Leave Denied - Quenneville & Stirling

Today the Supreme Court of Canada denied leave two cases that were heard together at the Court of Appeal for Ontario which dismissed the appeal. The cases raised important questions about the rights of people advancing on consent a defence of not criminally responsible where they admit a portion of the offence. Here is how the case was summarized by the court:

Charter of Rights and Freedoms – Criminal Law – Fundamental Justice – Right to equality – Discrimination based on mental or physical disability – Whether s. 7 of the Charter mandates an inquiry as to voluntariness and awareness of consequences of those accused who seek a verdict of not criminally responsible on account of mental disorder – Whether a failure of the Criminal Code to mandate an inquiry of those accused seeking a verdict of not criminally responsible on account of mental disorder, akin to that provided for by s. 606 (1.1) in relation to guilty pleas, violates s. 15(1) of the Charter – Whether the Court of Appeal failed to recognize a principle of fundamental justice that criminally responsible individuals should not be found not criminally responsible on account of mental disorder.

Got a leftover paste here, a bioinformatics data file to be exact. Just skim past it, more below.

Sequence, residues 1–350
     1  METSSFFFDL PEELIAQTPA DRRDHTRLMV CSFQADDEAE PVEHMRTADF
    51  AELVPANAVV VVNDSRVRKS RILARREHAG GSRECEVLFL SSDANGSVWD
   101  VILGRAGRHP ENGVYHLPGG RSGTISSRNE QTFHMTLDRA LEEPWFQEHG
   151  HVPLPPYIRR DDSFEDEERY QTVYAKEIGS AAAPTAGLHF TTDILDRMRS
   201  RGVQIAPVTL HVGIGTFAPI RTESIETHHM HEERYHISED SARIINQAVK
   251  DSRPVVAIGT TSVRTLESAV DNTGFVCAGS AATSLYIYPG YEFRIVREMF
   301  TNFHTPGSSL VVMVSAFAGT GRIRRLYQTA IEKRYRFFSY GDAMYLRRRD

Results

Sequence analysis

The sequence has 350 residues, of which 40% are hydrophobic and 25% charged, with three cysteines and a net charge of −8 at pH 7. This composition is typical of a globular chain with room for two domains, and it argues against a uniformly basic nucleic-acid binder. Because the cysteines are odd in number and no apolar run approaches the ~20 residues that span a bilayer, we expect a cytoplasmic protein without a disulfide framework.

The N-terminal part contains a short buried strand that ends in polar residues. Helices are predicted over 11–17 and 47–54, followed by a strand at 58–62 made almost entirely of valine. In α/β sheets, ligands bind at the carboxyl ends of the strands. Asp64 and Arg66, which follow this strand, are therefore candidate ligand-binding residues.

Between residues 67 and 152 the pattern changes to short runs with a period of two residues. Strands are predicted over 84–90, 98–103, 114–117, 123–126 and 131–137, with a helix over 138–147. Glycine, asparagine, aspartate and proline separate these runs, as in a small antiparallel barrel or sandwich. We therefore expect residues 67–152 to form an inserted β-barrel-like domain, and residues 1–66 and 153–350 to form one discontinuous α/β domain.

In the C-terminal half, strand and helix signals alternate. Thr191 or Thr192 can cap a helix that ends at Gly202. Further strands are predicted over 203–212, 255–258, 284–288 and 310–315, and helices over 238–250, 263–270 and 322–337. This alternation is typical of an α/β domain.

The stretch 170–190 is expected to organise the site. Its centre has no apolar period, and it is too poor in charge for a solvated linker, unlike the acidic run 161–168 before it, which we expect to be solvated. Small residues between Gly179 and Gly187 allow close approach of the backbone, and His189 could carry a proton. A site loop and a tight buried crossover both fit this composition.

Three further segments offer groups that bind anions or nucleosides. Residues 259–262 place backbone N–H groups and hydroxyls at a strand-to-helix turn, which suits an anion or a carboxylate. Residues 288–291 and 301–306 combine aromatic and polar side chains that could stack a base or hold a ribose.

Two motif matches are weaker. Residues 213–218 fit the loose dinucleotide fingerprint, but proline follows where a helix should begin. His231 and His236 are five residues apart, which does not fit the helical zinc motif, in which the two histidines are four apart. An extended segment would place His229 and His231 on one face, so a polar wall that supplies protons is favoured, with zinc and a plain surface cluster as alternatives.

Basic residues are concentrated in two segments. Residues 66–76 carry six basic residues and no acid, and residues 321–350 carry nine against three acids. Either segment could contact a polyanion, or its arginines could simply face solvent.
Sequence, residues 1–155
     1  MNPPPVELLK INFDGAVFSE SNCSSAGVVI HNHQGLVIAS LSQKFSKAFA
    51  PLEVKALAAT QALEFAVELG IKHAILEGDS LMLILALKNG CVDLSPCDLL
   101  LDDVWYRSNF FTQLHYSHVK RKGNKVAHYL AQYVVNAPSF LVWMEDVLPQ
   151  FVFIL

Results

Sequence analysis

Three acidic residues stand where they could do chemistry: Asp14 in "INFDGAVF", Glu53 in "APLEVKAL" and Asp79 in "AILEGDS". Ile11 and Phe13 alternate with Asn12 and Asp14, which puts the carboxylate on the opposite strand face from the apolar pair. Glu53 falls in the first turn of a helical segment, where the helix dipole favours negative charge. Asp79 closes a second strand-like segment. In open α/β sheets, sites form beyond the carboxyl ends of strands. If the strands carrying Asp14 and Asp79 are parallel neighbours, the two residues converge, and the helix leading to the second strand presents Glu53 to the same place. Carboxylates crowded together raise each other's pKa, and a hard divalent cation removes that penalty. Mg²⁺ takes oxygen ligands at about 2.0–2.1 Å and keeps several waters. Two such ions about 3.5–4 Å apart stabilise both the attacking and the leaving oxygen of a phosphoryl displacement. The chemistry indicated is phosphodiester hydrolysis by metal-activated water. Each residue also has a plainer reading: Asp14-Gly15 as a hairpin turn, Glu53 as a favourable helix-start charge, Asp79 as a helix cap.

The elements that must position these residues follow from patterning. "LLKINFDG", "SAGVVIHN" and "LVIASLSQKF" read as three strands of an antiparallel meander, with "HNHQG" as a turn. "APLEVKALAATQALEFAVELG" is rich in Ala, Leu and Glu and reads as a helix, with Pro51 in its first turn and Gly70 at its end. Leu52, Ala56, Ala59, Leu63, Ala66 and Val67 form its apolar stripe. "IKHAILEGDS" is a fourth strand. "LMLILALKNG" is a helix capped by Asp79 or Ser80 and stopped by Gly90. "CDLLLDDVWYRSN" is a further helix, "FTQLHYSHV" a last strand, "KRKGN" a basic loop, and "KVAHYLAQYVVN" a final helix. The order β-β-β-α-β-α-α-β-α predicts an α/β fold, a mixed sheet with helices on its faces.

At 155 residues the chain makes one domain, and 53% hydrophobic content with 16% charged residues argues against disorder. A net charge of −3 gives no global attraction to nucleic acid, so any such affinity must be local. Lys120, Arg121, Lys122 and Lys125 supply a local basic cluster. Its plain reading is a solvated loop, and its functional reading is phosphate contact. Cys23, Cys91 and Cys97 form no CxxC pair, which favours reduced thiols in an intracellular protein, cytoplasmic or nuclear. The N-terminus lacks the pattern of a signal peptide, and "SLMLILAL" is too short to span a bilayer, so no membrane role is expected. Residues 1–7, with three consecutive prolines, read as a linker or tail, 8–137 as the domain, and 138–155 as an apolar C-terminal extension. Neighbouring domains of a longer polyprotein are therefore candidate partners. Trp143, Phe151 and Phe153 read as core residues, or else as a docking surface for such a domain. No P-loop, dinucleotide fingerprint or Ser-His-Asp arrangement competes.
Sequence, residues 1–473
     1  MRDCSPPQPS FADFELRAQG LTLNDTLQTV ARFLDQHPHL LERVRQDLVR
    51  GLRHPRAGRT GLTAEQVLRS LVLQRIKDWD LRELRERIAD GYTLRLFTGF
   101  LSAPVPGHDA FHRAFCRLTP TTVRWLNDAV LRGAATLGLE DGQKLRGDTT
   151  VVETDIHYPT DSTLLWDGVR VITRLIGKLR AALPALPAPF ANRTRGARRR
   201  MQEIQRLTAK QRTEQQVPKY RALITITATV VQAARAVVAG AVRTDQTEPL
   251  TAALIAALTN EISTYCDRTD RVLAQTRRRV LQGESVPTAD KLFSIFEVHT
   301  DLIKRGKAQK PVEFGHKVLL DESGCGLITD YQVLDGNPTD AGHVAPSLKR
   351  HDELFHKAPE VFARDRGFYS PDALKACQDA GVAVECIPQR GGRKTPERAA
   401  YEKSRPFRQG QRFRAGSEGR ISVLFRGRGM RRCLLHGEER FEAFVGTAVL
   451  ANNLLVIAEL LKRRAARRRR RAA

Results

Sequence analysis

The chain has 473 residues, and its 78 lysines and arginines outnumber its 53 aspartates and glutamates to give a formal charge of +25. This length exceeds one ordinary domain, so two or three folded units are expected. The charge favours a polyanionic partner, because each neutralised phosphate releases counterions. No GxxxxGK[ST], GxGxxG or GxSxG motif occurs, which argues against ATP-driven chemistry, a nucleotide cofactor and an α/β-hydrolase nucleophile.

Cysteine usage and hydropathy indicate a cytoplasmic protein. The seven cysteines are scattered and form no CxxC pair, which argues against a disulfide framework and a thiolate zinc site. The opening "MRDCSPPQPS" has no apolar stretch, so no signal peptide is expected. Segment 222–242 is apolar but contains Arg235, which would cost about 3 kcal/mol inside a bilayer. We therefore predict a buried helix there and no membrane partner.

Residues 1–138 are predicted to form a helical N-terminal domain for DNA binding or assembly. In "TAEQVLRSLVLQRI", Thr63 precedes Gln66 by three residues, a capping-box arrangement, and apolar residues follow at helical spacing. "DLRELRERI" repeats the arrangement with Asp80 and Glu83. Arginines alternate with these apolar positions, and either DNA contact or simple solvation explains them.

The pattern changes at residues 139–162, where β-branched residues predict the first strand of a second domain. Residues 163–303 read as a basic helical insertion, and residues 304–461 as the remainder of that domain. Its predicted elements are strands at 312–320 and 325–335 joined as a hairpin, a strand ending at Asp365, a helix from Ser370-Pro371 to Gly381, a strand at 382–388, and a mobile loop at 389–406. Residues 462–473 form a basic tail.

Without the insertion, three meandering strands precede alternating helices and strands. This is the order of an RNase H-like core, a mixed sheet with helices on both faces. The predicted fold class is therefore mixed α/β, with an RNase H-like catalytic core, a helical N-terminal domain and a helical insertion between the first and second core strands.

In separate trial proceedings, findings of not criminally responsible on account of mental disorder were entered against each applicant. Each applicant appealed from the findings.

As is always the case, no reasons were provided. Hopefully more on this case when I have a chance.